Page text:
University of Cambridge World Ranking

University of Cambridge World Ranking

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World University Rankings 2016-2017

The Times Higher Education World University Rankings 2016-2017 list the 980 top universities in the world, making it our biggest international league table to date. It is the only global university performance table to judge world class universities across all of their core missions – teaching, research, knowledge transfer and international outlook.

The top universities rankings use 13 carefully calibrated performance indicators to provide the most comprehensive and balanced comparisons available, which are trusted by students, academics, university leaders, industry and governments. The calculation of the rankings for 2016-2017  has been subject to independent audit by professional services firm PricewaterhouseCoopers (PwC).

View the World University Rankings 2016-2017 methodology

For the first time this year, more than half a million books and book chapters have been included in the analysis of 11.9 million research outputs, meaning that arts and humanities research is better represented than ever before. This year’s ranking, which includes institutions from 79 countries, represents an elite 5 per cent of the world’s higher education institutions.

This year’s list of the best universities in the world is led by a UK university for the first time in the 12-year history of the table; the University of Oxford is the world’s number one university, knocking five-time champion the California Institute of Technology (Caltech) into second place. It is the first time a US institution does not take the top spot. However, the North American powerhouse still dominates the list with 148 universities in the top 980 and 63 in the top 200. The rest of the top five is filled by Stanford University in third, the university of Cambridge in fourth, and Massachusetts Institute of Technology (MIT) in fifth.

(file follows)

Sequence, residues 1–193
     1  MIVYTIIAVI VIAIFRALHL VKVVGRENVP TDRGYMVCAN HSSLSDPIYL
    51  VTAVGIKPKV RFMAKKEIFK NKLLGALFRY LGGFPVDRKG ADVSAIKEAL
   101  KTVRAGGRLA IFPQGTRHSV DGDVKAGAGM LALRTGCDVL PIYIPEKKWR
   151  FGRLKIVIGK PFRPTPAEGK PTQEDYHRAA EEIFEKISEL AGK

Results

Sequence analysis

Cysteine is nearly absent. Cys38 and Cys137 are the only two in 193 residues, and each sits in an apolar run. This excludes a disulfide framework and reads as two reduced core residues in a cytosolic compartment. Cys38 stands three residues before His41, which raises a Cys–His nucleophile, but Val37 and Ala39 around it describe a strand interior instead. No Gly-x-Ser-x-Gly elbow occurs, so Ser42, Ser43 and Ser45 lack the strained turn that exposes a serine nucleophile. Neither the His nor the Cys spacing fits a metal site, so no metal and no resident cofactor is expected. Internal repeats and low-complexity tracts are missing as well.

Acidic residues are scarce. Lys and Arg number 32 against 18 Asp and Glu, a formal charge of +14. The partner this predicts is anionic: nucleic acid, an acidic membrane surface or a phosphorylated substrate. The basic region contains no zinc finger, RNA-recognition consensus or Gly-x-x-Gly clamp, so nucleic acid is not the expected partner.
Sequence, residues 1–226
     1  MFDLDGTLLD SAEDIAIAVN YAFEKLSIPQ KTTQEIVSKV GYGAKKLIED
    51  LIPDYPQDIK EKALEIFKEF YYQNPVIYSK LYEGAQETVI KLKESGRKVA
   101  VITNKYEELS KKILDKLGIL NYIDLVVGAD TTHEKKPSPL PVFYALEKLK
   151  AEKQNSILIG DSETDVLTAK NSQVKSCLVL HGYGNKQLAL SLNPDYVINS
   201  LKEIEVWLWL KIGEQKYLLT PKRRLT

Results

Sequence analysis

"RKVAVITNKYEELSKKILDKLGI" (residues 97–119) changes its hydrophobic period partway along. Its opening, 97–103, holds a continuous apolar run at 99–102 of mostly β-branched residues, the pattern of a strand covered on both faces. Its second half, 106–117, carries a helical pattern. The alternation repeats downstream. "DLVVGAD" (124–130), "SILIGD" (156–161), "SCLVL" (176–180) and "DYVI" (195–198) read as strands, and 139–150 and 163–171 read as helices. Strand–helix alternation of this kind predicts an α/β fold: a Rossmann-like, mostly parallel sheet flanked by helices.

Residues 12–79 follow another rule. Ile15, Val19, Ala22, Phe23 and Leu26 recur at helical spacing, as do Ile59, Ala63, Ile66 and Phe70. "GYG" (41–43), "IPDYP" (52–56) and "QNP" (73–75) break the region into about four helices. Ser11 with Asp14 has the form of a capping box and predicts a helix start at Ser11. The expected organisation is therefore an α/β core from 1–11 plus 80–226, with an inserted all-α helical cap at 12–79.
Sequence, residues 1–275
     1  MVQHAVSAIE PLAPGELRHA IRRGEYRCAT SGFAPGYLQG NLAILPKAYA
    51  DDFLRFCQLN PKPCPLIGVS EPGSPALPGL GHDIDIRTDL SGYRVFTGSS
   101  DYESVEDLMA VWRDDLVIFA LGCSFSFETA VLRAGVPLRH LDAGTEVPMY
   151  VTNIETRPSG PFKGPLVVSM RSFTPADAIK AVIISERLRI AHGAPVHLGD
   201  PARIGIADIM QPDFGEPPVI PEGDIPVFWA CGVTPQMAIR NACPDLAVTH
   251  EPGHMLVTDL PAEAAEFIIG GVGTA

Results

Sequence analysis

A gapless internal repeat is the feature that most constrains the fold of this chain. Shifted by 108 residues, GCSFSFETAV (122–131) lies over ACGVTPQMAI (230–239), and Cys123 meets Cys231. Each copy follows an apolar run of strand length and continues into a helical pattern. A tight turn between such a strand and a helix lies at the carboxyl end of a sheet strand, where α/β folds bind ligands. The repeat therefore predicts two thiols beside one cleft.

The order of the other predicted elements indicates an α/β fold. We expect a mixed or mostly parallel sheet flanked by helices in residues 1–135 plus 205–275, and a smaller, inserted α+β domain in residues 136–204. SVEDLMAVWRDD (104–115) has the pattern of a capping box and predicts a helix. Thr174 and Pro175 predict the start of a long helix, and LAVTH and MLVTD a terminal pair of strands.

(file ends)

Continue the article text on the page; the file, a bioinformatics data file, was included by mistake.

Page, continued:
Elsewhere in the West, Switzerland’s ETH Zurich – Swiss Federal Institute of Technology Zurich, has cemented its position in the top 10, landing at ninth for the second year in a row; last year the institution became the first non-Anglo-American institution to make the world rankings top 10 for a decade. Germany has also performed well in the table thanks to its institutions producing highly influential research, with 41 institutions overall, 22 of which make the top 200 and nine of which make the top 100, up from seven. Meanwhile, the Netherlands’ 13 leading research-intensive universities have all made the top 200; it is the first time they have all made this elite group.